Jim Donnelly: I think our advice for off the get go, if someone doesn’t know what to do, don’t cash out. Roll it over. And you can take a breather, you can get meet with someone and then take it. Because if you’re retired and it’s 457B, that’s where all most of this money’s going to roll over. You are going to take it out even though you’re not 59 and a half without getting penalized. You’re still going to pay taxes on it. But if it’s going with 457B and you’re 52 years old, you’re not going to have to pay that tax like that penalty. So, don’t panic if you don’t know what to do, roll it in and then talk to someone. The worst thing you can do is cash it out, pay taxes on it, get that big tax bill and now you’re like, oh, I’m going to roll this money in. It’s backwards.

Kevin McGarry: Right, right. Totally agree.

Jim Donnelly: So Kev, what takeaways do you want to take?

Kevin McGarry: I mean, the takeaway for me, simple before you go into DROP. Know your options. And have a plan. Because we’ve seen too many times, someone who worked 20, 30 years as a law enforcement officer, a police officer, and they go in and they make the wrong decisions and they cost them financially.

Jim Donnelly: And my ending, I would say, Kev, is first congratulations if you’re on the DROP or you’re just finishing DROP, you made it, you made it to the finish line, you’re almost there. Now you have to make sure you do it right and that’s the main thing. You want to finish strong. You want to max out these accounts while you’ll still have your last couple years you want to talk to a professional. There’s nothing to be embarrassed about that you don’t know what to do with the money. There’s none. Don’t, get over that because if you get over that, you’re going to have a long, healthy retirement and you’re going to be on the right path. If you don’t and you make some bad mistakes and decisions, it could cripple you for the rest of retirement. So, remember that. Get some free advice. There’s a lot of financial planners out there. Me and Kev are always here. You can call us, text, emails, we’ll give you a free financial plan. We’ll walk through it. We’ll show you different scenarios about your DROP money. We’ll walk you down that path, we’ll lead you down to the water.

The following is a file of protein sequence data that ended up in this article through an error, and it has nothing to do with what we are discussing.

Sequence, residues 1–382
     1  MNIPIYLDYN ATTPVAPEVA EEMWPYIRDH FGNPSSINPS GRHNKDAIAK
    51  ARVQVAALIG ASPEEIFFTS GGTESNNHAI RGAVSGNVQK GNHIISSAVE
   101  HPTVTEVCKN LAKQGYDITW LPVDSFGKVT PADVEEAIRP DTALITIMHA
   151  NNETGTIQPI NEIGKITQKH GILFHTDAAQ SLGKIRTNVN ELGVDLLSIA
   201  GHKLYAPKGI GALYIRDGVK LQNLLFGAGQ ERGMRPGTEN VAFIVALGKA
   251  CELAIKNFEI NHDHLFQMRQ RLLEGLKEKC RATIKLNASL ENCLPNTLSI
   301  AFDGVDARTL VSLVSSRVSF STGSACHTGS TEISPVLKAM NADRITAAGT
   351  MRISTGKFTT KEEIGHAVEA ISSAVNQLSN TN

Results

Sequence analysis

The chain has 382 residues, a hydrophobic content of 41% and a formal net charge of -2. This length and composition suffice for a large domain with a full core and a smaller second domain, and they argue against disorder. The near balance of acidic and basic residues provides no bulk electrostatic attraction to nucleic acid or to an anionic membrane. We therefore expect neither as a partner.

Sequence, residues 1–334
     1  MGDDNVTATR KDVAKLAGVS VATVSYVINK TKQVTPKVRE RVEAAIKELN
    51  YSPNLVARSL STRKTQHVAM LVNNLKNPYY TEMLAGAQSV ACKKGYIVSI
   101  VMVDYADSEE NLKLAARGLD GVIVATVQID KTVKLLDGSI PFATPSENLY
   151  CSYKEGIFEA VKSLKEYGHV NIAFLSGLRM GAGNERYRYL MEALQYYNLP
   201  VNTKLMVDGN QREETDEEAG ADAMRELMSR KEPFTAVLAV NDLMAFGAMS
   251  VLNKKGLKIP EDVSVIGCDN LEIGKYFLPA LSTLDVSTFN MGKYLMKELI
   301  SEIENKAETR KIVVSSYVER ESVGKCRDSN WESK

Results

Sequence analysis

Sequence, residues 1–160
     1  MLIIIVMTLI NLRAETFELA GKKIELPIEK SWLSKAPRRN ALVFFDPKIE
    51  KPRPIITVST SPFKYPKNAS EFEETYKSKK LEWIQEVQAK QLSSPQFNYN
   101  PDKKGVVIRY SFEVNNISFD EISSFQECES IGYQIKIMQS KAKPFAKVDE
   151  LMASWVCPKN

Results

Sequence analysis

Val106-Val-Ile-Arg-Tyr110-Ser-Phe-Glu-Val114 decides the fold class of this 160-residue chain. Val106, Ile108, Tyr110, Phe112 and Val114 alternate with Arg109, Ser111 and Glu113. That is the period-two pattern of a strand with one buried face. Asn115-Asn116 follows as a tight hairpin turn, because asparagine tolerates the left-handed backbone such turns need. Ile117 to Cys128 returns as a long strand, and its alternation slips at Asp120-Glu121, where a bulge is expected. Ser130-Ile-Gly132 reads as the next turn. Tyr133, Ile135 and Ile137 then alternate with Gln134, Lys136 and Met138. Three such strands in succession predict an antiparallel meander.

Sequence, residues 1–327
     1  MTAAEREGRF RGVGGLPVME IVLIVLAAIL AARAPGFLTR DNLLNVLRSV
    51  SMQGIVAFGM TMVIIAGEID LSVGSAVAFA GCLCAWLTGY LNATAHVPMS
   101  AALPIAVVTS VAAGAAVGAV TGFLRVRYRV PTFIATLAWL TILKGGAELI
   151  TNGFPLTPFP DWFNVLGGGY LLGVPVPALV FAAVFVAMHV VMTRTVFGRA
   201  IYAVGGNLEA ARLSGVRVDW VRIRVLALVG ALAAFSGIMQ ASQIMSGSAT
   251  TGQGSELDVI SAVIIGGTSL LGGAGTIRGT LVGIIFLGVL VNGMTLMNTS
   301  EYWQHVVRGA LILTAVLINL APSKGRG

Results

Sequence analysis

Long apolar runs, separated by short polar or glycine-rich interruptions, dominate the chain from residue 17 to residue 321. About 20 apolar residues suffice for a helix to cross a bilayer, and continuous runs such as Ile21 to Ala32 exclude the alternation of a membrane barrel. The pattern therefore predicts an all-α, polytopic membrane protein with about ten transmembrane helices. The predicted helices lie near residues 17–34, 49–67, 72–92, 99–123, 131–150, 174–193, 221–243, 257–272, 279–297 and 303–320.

Kevin McGarry: No, it’s just a process we’ve been through hundreds of times.

Jim Donnelly: So, thank you guys for listening to the Blue Money Podcast. If you have any questions or concerns about anything with the DROP or just your portfolio in general, don’t hesitate to reach out. Be safe out there.

Kevin McGarry: Be safe.

Thanks for listening to Blue Money. To learn more about Jim and Kevin or for a free financial assessment, visit or click on the link in the podcast description or show notes. Until next time, safe investing.

This material is intended to be educational in nature and not as a recommendation for any particular strategy, approach, product or concept for any particular advisor or client. These materials are not intended for any form of substitute or individualized investment advice. This discussion is general in nature and therefore non-intended to recommend or endorse any asset class, security, or technical aspect of any security for the purpose of allowing a reader to use the approach on their own. Before participating in any investment program or making any investment clients, as well as all other readers are encouraged to consult with their own professional advisors, including investment advisors and tax advisors. Valley Financial can assist in determining a suitable investment approach for a given individual, which may or may not closely resemble the strategies outlined here in.